Main Topics


I. Home

II. Environmental Threats in Ohio

III. Health Impacts

IV. The Regulatory Agencies

V. Prioritization of Environmental Risks

VI. The Disconnect

VII. Ensuring Participation

VIII. Resolving Environmental Disputes

IX. Conclusion

X. Citizens' Guide to Environmental Protection

XI. About the Green Environmental Coalition



A Handbook for Professionals Serving Socioeconomically Disadvantaged Communities:
Educators
Health Professionals
Social Service Professionals


Produced by the Green
Environmental Coalition
in Association with The Ohio Environmental Education Fund








The Ohio Comparative Risk Project



The Ohio Comparative Risk Project began 1994. Its volunteer participants -- representatives from government, industry, and the public--have since identified and ranked the severity of 45 potential threats to health, ecosystems, and quality of life in Ohio. These were included in Ohio's first State of the Environment Report in 1995. The published report, an attempt to provide comprehensive information about the state of Ohio's environment, serves as a tool for Ohio citizens to use in making environmental decisions.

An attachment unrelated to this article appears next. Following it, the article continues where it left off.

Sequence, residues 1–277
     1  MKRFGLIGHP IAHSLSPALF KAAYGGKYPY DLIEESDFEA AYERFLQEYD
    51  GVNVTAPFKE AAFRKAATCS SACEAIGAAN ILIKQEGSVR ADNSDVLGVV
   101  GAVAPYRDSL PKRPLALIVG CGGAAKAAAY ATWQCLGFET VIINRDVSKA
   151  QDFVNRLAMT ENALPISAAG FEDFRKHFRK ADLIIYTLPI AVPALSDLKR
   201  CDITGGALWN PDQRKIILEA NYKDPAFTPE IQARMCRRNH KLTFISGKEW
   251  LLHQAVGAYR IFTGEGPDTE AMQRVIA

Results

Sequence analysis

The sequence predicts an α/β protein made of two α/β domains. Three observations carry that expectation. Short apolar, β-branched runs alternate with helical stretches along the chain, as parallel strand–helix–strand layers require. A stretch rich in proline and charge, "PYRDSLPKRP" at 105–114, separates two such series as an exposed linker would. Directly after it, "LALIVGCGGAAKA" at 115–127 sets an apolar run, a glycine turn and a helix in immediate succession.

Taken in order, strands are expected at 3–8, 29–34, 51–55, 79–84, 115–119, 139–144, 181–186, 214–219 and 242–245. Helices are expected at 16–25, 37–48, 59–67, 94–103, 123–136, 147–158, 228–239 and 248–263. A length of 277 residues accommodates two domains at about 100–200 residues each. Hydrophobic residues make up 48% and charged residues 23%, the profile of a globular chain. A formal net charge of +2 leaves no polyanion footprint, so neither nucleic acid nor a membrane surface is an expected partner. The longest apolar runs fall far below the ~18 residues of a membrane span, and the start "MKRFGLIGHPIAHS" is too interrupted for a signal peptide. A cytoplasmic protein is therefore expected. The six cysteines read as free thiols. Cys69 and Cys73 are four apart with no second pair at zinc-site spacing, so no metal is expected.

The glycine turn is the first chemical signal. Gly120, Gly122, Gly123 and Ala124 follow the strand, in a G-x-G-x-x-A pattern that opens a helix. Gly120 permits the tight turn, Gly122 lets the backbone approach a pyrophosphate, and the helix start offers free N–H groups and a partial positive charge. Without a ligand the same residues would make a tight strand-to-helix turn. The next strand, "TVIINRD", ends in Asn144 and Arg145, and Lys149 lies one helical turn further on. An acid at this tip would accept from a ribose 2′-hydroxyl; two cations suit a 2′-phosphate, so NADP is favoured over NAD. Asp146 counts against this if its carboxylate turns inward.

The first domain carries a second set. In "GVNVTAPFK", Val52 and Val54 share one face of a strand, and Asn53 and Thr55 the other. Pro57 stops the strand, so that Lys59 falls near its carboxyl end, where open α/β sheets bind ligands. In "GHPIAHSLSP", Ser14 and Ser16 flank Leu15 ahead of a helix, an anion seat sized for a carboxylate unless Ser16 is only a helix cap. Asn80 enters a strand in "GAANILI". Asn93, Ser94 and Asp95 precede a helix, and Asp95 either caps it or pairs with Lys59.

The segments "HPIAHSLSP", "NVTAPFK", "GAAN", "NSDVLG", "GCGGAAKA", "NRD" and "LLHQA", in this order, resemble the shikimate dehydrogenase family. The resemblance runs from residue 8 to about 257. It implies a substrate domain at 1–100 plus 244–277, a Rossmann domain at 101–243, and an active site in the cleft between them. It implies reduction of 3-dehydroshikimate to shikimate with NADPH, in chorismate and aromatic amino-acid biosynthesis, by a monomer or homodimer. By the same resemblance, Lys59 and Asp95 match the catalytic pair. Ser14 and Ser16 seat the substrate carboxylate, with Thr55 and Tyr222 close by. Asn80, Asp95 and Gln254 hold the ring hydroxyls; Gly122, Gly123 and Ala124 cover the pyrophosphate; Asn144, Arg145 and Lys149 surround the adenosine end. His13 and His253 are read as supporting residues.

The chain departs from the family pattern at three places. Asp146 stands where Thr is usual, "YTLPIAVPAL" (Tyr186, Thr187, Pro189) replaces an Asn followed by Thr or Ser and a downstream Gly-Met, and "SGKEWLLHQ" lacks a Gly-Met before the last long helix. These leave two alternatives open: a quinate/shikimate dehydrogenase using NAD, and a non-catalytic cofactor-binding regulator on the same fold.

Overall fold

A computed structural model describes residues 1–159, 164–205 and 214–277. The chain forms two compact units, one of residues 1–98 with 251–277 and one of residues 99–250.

I. What is Comparative Risk?

  • It is a holistic prioritization of environmental risks based on scientific assessment and a recognition of public values.
  • It evaluates environmental issues on the basis of their impacts on human health, the ecosystem and citizen's quality of life.
  • It generates an environmental priority list within the constraints of limited available resources to protect the environment.
  • It involves all stakeholders in the decision-making process.

II. Why is Comparative Risk Important?

The number and subtlety of environmental problem areas challenge ready assessment.

  • The environmental regulatory agencies are departmentalized to deal with a multitude of problem areas.
  • Under-funded and overextended agencies tend to focus on public outrage brought on by the media sensationalizing the "crisis of the day." Yet these "crises" may pose no great risk to the majority of Ohioans.
  • Risk ranking represents a holistic problem-solving approach to environmental problems. It allocates scarce resources effectively while expanding a dialogue among the public and scientists.

III. How Can Comparative Risk Help?

It joins the public and scientists in a common purpose: to examine what problems pose the greatest risks to human health, the ecosystem, and quality of life.
  • It makes scientists aware of what people value and it increases public awareness of the science involved in environmental issues.
  • It allows more informed decisions on both sides.

IV. How does the Process work?

  • Risk ranking includes several steps:

    • developing categorical rankings of human health, ecosystem, and quality-of-life risks to develop a working list of issues
    • drafting an overall ranking based on specific criteria
    • commenting on the draft list
    • revising the draft list
  • The Ohio Comparative Risk Project participants initially generated a 700+ issue list, eventually combined and reduced to a manageable list of key issues.

    • Surface and ground water quality
    • Indoor air quality
    • Habitat loss and degradation